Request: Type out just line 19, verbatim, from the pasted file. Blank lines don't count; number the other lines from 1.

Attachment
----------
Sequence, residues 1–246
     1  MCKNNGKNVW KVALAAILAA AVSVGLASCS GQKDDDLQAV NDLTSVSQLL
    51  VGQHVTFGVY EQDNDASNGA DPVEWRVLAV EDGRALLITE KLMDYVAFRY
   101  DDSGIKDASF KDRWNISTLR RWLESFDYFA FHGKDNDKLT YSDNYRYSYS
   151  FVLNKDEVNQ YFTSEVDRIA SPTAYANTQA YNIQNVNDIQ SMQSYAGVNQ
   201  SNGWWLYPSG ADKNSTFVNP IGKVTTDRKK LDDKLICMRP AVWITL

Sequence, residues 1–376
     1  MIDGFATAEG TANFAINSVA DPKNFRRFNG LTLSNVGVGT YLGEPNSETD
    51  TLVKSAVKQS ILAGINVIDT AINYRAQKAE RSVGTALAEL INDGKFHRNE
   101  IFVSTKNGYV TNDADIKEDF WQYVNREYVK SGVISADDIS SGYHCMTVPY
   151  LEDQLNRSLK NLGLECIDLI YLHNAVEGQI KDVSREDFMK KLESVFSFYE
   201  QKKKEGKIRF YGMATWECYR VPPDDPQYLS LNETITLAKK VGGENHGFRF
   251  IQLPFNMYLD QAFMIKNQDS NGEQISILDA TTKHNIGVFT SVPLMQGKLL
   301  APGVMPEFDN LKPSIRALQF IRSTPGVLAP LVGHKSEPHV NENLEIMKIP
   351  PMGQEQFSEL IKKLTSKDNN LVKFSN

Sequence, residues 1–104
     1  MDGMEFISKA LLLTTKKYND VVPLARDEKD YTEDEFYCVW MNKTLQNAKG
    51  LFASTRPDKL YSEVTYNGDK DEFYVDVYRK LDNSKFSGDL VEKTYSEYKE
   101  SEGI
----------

   101  SEGI